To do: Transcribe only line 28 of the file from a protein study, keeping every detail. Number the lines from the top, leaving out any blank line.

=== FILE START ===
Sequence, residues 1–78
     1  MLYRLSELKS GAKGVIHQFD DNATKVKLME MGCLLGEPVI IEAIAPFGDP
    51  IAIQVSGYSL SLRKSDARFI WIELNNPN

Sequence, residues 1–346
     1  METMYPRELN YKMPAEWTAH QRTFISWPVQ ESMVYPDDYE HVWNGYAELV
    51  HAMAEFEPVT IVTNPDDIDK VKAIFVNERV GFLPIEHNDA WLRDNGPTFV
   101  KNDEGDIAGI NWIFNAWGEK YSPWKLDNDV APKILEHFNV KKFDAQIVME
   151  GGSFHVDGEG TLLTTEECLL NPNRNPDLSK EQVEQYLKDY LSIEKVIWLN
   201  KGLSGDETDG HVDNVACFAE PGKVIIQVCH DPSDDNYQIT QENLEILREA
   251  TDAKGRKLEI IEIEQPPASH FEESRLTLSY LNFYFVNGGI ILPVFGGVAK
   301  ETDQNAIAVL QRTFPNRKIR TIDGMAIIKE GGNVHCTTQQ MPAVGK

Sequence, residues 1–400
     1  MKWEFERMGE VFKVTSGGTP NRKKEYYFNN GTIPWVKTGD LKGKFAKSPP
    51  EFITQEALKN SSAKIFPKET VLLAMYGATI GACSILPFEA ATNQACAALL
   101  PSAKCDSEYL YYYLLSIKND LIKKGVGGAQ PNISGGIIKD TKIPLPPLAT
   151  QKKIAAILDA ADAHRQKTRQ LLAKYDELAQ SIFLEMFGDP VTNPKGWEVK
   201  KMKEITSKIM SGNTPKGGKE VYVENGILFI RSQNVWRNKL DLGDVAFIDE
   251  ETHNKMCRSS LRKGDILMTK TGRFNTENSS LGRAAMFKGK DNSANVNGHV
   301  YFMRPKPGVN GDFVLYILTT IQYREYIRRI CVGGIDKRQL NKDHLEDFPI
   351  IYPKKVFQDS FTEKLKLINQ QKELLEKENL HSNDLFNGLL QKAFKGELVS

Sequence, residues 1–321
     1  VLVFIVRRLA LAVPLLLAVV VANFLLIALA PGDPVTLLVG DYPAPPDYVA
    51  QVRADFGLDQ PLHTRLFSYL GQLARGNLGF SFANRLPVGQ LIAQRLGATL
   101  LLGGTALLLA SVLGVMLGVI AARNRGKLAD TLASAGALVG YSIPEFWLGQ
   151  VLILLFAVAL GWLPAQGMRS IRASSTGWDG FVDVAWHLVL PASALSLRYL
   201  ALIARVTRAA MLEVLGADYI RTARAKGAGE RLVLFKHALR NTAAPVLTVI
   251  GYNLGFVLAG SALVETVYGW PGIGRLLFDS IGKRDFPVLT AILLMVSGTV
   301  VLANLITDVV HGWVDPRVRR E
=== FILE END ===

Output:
   301  VLANLITDVV HGWVDPRVRR E